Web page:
eScop Triple

So. It’s been a while since we posted anything. It’s not that we haven’t been brewing, it’s just that we’ve been busy with other issues. On this occasion, I will be documenting some beers I promised. As a little big … Continue reading

E.S.B (Batch#7 Double batch)

This E.S.B is a remake of the of the first recipe we made. The original intention of this batch, was to make it for a wedding. We had given out some of our beer and ESB was the one that was liked the most. So, we decided to make a double batch. By this point we had two pots, the electric one we made and the normal pot+inductive stove one.

For all intents and purposes the process was the same, we just had one batch running in the bathroom, and another in the kitchen. The reason for this is the electricity breaker limit of 10A. Since the bathroom has a separate 16A breaker for the washing machine, this was the only option. I’ll go through the recipe as usual since it wasn’t exactly the same as our first beer and then I’ll elaborate a bit on the process differences.

Batch size

2 x 19L

Grain

  • 4.20 Kg Pale malt (Finnish Viking Malt 5 EBC)
  • 220 gr Carapils/Dextrine
  • 220 gr Caramel/Crystal 60L

Hops

  • 30 gr Fuggles (90 mins)
  • 20 gr Willamette (90 mins)
  • 15 gr Cascade (90 mins)
  • 14 gr Willamette (10 mins)
  • 28 gr East Kent Goldings (2 mins)

Dry hopping

  • None

Yeast

  • WYeast #1084

Mashing

Since we a pre-final version of our “automated” system (again, more on this later), we decided to try a step mash. Here are the steps:

  • 15 min at 52°C protein rest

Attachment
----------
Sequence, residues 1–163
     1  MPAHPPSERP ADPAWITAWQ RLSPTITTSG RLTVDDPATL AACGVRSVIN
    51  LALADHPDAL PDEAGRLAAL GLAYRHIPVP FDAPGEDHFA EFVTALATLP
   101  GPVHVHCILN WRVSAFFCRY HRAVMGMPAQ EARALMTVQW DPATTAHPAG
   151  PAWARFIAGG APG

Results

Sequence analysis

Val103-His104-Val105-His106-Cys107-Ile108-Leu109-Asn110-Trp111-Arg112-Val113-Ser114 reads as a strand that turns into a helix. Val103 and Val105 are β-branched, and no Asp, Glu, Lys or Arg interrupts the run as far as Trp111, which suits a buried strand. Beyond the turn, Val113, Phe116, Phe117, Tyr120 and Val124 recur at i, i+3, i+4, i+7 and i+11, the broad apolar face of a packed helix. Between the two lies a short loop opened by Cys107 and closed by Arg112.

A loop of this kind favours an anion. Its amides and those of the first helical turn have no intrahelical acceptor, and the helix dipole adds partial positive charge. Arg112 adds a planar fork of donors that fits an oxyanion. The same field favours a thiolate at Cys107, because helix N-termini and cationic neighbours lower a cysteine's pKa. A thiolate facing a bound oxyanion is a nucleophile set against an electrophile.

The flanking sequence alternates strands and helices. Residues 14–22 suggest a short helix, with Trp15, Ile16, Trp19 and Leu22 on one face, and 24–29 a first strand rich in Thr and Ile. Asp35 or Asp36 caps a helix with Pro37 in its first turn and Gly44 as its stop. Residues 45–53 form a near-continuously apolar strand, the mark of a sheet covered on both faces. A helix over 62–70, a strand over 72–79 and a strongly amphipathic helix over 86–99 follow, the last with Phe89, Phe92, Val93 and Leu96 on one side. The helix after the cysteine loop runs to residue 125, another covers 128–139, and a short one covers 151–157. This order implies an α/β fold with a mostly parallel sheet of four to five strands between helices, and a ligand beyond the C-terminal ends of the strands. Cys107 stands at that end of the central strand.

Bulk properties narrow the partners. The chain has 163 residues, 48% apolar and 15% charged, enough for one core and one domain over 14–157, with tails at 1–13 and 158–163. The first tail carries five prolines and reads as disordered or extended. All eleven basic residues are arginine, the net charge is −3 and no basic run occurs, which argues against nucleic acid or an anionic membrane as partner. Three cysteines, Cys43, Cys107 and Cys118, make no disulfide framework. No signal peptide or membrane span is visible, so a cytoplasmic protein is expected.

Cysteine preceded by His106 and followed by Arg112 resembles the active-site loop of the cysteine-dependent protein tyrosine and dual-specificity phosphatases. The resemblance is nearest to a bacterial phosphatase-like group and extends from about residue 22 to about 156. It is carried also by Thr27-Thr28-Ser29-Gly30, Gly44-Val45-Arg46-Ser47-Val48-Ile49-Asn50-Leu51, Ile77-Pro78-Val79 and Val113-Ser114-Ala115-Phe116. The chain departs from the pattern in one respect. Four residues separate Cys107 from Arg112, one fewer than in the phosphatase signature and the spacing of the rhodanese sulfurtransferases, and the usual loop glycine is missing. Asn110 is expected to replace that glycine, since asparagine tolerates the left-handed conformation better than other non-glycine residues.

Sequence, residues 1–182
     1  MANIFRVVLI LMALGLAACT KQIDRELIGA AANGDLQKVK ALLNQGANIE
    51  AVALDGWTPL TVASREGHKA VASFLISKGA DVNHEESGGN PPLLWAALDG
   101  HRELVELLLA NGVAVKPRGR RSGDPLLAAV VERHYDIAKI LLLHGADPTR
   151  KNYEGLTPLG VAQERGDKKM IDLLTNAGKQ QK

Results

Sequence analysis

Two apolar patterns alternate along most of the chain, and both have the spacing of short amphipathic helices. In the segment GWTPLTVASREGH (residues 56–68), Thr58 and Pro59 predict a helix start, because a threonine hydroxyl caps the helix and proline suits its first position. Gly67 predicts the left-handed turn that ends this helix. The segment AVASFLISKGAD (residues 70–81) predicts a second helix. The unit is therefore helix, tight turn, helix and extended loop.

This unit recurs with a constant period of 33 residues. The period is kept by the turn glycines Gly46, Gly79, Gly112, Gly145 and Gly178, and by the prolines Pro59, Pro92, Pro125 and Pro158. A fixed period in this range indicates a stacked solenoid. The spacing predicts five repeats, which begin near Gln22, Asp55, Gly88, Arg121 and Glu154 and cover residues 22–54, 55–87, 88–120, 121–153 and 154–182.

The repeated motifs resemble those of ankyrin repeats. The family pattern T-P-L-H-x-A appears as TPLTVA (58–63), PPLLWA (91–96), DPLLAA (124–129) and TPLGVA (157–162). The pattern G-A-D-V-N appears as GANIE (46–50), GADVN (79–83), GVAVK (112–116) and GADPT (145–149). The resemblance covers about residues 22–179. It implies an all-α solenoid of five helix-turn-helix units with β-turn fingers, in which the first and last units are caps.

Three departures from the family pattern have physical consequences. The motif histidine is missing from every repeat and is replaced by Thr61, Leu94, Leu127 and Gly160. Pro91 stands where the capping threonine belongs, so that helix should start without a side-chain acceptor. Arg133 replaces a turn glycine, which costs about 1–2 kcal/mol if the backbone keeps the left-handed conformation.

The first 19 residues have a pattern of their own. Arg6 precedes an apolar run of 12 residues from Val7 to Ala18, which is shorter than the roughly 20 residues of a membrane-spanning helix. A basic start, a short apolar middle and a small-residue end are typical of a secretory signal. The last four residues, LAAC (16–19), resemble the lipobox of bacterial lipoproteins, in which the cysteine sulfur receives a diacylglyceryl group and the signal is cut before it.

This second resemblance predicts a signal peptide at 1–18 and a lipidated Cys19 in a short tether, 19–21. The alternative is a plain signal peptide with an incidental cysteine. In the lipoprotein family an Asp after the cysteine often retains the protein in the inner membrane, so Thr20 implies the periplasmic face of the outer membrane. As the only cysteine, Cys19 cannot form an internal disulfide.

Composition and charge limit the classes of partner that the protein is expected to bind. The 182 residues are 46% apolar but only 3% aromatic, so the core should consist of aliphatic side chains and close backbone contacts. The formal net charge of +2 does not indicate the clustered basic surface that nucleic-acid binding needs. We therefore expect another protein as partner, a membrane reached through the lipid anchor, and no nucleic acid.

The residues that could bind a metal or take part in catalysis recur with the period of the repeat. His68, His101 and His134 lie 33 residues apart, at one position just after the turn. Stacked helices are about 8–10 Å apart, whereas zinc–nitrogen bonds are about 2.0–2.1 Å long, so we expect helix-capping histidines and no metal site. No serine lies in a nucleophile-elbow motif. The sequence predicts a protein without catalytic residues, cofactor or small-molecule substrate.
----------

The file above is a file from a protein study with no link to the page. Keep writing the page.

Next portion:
• 45 min at 67°C saccharification rest

Boiling

90 min, normal boil.

Unusual/special ingredients 

  • 1 teaspoon of dry irish moss as a clarifier (Not in original recipe)
  • 1/2 teaspoon WLP yeast nutrient (Not in original recipe)
  • 2 Litre yeast starter/ split in two, half for each batch

Fermenting

  • 2 weeks
  • Temperature 21-22°C (Higher than ideal, but worked fine)

Since it was easier to mash with our electric pot, both batches were mashed in the same pot, but boiled separately. In order to make both batches taste as much the same as possible they were blended together half and half on different fermenters. Pre-boiled, pre-cooled water was added to make both batches 19-20L. Measured gravities were as follows:

Batch#1: Pre-boil: 1.046

Batch#2: Pre-boil: 1.054

Only one batch measured: OG: 1.050, FG: 1.010

For some reason after fermentation one batch came out cloudier than the other, perhaps the difference in the boil had something to do with it as the electric pot boils better than the one on the inductive stove. Other than that, taste came out pretty much the same on both batches. Unfortunately, the wedding was cancelled and we still have some left. Considering this batch was brewed in June, the beers have lasted quite a bit.

Lessons learned

This batch was interesting due to the amount brewed and the differences in them. While the flavour of the beer was mostly the same on both batches some difference could be tasted. I attribute this to the different geometry of the fermenters, as I’ve read that this might affect fermentation. But who knows. It might have been a good idea to blend the batches post fermentation, and not just pre-fermentation. Either way the beer came out well. Not my favourite, but everyone else liked it, so that’s good enough for me 🙂

l8rs!

/R

Hefeweizen Oberdorfer Clone (Batch#6)